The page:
Couple Finds $100,000 in Safe Deposit Box

Image credit: Corey Sipkin/NY Daily News via Getty Images

An elderly couple in Brooklyn, N.Y., found a huge pile of cash-what they reckon was $100,000-in a bank's safety deposit box.

Joe Valinoti, 82, and his companion, Kathleen Ricigliano, 81, said they opened a safe deposit box account with Sovereign Bank in February. Valinoti said he wanted to safely store some personal documents.

"I made my funeral arrangements with papers, in case my daughter needed them, God forbid," Valinoti said.

After filling out the forms for the box, he returned two weeks later to store his documents. He said a branch manager led the pair downstairs to the safe deposit boxes.

The manager pulled out a "long, skinny box" and left the couple alone in a room to store the documents.

"When she felt it, it didn't feel right to her," Valinoti said about Ricigliano. "She stuck her hand in there and there were all $100 bills. She got very, very nervous and didn't know what to do."

He said the two looked at each other, and opened the door to the manager standing outside to show him the box.

"The first thing he said was, 'You're very honest people'," Valinoti said. "He put the box some place and that was the last we saw of the box."

They asked for a receipt or documentation to prove they had turned in all the money, for the sake of the rightful owner. But the manager refused, Valinoti said, explaining that it had to go to "higher-ups."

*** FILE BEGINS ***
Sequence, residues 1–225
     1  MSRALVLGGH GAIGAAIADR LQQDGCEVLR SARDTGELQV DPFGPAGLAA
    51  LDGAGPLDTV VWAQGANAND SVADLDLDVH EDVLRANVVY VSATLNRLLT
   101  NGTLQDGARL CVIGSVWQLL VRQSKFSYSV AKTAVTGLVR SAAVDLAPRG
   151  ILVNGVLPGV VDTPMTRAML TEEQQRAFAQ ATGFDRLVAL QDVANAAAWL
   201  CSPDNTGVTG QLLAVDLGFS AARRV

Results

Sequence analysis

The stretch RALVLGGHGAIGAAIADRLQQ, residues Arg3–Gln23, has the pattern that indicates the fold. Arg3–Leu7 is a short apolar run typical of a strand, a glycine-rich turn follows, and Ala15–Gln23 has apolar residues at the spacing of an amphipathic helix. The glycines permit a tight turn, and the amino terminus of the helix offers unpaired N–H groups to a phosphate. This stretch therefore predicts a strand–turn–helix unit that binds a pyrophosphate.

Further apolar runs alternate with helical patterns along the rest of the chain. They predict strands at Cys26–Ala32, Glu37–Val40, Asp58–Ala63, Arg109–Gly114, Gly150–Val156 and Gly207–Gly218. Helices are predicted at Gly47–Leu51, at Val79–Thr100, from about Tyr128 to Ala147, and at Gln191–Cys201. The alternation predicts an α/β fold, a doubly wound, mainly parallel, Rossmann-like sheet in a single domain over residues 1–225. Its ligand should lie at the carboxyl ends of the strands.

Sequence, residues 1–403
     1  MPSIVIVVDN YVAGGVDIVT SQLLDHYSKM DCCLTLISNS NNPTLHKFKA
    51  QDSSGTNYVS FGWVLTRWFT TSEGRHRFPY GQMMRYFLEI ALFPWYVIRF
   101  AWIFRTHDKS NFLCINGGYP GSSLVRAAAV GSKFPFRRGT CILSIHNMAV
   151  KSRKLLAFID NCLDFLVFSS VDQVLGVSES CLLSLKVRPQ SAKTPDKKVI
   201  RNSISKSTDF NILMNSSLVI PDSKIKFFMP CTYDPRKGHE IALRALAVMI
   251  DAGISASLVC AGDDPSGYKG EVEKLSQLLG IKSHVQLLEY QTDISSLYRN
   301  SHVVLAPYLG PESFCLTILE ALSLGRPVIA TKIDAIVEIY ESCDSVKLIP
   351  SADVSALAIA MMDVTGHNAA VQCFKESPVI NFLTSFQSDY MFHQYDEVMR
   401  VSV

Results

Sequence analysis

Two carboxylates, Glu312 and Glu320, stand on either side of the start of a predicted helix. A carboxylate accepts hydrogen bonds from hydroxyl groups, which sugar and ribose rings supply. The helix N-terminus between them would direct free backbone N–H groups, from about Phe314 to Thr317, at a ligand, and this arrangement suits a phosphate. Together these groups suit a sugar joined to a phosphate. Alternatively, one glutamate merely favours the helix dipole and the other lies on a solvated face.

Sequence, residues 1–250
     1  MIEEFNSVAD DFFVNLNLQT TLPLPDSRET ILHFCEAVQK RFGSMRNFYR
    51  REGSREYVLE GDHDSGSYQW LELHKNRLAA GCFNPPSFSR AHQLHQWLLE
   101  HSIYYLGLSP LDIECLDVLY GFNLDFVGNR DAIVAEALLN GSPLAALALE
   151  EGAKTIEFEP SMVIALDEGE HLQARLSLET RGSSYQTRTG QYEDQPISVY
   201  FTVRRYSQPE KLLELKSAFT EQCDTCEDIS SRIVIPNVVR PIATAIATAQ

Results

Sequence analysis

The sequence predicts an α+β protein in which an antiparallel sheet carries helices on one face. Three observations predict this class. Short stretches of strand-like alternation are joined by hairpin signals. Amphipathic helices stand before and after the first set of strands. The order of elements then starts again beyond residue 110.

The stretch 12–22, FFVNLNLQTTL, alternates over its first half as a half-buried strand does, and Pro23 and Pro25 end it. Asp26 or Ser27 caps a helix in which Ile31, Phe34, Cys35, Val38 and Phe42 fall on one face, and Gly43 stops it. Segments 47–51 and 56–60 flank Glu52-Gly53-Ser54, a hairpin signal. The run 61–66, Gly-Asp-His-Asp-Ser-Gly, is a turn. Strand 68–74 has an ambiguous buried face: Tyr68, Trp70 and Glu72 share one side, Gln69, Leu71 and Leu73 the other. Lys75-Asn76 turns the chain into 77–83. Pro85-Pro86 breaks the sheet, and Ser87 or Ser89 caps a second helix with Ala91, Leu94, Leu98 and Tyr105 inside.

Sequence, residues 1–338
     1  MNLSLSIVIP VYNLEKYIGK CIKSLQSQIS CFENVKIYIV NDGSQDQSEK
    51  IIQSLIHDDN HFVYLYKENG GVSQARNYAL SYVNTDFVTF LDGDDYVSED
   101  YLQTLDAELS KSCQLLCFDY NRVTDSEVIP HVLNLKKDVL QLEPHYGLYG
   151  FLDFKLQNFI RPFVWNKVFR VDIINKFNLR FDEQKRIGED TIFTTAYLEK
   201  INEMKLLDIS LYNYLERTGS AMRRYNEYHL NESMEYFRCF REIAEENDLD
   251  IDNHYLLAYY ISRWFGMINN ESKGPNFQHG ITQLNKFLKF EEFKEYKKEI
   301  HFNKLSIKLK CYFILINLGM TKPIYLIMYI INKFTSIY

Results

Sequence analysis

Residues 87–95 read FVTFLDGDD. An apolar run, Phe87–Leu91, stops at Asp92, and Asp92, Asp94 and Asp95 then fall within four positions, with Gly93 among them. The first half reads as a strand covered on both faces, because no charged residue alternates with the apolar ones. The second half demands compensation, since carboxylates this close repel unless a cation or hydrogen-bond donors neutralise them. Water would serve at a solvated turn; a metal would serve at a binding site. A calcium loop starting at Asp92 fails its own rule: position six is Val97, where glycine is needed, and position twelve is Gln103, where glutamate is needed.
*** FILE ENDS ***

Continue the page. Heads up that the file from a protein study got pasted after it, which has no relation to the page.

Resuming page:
After Valinoti got a new box, he and Ricigliano wanted to know more about what happened to the money, telling some family and friends about the discovery.

The state personal property law says found property must be turned over to police, the New York Daily News reports. If the property is unclaimed after a year, it could belong to the person who found it, but there are other laws that govern bank safe deposit boxes.

A spokeswoman for Sovereign Bank said it has been trying to reach the "legitimate owner" of the property that was found.

"In the meantime, we're acting as custodian of the property in accordance with our procedures and the law," she said. "Since federal and state privacy laws keep us from being able to share customer information, we can't comment about the specifics of this situation. What we can say is that if it turns out the owner of the property can't be located for whatever reason, we'll follow the abandoned property statues under New York State law."

Kimberly Schechter, Novick and Associates PC in New York, said the issue would be who owned the box and whether that person is still alive. If the person it not alive, it could belong to that person's estate.

Novick recommends that any person in New York who thinks they have lost property should visit the website of the state's Office of Unclaimed Funds.